By Carrie Steinweg
We’ve probably all been to a place where the food was terrific, but the atmosphere may have been lacking - or to a place where the surroundings were stunning, but the food left something to be desired. It’s a treat to see a site that checks off both boxes. Tippecanoe Place in South Bend would be one of them.
Housed in a late 19th-century mansion and with an impressive fine dining menu (and the bonus of a craft brewery on site), Tippecanoe Place is the place to go for a special occasion in the dining room or some casual bites in the upstairs brewery tasting room.
The mansion housed in the restaurant was built for Clem Studebaker, president of the Studebaker Corp, based in South Bend. It was designed by Chicago architect Henry Ives Cobb who also designed the Potter Palmer Mansion on Lake Shore Drive in Chicago. It was completed in 1889, has about 40 rooms and nearly 24,000 square feet of living space, and had an original cost of $250,000.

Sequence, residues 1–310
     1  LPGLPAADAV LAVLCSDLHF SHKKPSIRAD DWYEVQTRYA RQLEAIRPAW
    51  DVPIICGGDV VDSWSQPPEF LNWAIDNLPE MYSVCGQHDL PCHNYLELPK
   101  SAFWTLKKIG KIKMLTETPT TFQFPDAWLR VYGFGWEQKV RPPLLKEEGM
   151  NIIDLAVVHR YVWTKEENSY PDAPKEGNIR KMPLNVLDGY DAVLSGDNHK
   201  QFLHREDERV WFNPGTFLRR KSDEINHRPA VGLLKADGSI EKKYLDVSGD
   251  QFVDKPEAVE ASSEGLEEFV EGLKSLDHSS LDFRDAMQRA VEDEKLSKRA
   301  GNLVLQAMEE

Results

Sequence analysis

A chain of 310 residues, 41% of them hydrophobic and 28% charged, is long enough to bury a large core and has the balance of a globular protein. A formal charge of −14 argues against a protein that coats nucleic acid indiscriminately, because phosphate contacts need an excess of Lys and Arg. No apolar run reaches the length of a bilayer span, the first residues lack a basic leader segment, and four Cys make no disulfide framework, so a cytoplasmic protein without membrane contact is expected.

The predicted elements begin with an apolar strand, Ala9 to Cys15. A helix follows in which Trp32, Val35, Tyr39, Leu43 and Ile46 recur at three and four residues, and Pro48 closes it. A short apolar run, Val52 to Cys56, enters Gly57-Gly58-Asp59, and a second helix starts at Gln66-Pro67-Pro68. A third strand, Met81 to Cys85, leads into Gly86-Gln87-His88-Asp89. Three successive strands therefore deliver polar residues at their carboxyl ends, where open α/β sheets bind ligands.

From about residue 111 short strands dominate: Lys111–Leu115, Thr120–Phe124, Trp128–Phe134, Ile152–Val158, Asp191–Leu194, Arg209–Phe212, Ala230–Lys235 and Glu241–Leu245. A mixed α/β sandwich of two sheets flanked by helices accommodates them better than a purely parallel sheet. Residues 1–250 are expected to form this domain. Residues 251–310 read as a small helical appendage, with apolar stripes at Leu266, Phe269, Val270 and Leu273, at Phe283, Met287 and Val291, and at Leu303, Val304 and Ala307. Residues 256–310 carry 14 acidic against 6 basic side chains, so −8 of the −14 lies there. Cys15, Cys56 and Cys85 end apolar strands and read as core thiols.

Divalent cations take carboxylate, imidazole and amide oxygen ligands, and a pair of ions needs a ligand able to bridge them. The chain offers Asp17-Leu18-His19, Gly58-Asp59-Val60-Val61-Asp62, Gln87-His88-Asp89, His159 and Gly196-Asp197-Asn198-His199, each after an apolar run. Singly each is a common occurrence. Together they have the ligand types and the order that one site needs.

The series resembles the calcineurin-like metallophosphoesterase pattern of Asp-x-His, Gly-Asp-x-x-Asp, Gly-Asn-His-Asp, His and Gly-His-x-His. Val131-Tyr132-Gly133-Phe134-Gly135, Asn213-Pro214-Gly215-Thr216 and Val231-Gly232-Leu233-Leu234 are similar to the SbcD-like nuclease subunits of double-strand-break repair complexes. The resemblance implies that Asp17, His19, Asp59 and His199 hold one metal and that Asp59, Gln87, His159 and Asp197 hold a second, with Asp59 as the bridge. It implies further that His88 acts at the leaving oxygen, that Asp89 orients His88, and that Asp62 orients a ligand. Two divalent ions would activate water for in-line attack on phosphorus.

Outside and inside, the place oozes wealth and luxury. The home-turned-dining establishment has four floors, and you enter the grand hall with a massive hand-carved grand staircase.
The menu is brief, but with all the dishes you’d expect from an eatery of this caliber - steak and seafood and lamb and duck with classic appetizers like crab cakes and shrimp cocktail, a crisp wedge salad and prime rib, which has been the house specialty for more than four decades. And don’t even think about skipping dessert - the creme brûlée and flourless chocolate torte and well worth every calorie. The wine list includes perfect pairings for the starters and entrees.
We dined in the library, savoring every bite and thinking about all the socialites who had dined there in the early days of its existence. Put this one on your foodie bucket list!